War memorial is rededicated

Members of the community support the heritage weekend at Lowton St Lukes, which also saw the war memorial re-dedicated
Members of the community support the heritage weekend at Lowton St Lukes, which also saw the war memorial re-dedicated
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A war memorial has been rededicated at a borough parish church as part of the centenary commemorations for the end of the First World War.

Campaigners at Lowton St Luke’s unveiled the fruits of their labours during a heritage weekend at the Slag Lane landmark.

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Earlier this year the Grants for War Memorials Scheme, an initiative backed by Historic England and the Wolfson Foundation, awarded £13,170 for the Lowton war memorial to be overhauled.

Work has focused on not only repointing the memorial but weatherproofing and stabilising the edifice, which bears the names of more than 40 locals who made the supreme sacrifice during the conflict, as well as cleaning up associated plaques.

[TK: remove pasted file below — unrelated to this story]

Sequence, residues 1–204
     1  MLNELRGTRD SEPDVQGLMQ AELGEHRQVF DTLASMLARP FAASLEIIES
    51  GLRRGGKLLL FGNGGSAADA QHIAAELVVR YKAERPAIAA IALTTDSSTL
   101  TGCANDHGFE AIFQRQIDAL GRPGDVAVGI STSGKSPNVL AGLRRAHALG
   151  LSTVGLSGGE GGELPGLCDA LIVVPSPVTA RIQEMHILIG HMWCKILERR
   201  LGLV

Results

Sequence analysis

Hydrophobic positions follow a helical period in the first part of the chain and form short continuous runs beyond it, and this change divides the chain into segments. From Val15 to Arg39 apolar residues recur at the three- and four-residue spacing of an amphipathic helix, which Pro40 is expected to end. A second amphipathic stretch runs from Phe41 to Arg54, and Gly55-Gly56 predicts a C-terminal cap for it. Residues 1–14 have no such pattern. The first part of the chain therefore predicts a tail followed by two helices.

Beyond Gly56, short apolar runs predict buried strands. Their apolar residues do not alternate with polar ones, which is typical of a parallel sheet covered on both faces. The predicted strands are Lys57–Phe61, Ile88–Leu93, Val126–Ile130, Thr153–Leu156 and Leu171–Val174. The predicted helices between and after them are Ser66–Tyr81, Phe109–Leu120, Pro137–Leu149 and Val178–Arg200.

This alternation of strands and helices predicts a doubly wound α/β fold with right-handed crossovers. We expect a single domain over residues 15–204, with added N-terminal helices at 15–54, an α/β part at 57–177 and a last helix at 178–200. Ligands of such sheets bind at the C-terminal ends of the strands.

Additional funding for the revamp has also been provided from Wigan Council’s Brighter Borough Fund.

A special re-dedication service is set to take place at St Luke’s this Sunday, to celebrate the completion of the project, which has been supported by the church’s parochial council and The Time Team group in Lowton.

Ann Glacki, one of the organisers, said that the war memorial work was not the only highlight planned for the heritage weekend.

She added: “We have found a lot of very old documents, including the consecration deeds from 1733 and some music books from the 1790s.”

Two of the music books bear the names of 18th century churchgoers Hannah Livesey and John Waterworth and the historians have been exploring whether these two figures are the ancestors of any present-day members of the congregation.

In a similar manner, the researchers have been attempting to piece together some of the histories behind those featured on the memorial.

An appeal was issued, when the grant was originally confirmed last May, for any of the soldiers’ descendants to come forward, or to discover if any related memorabilia or old pictures could be unearthed.

Frances Moreton, director of the War Memorials Trust, added: “War memorials are a tangible connection to our shared past, creating a link between the fallen and today.

“The centenary of World War I is a wonderful opportunity for local communities across the country to protect and conserve their war memorials.”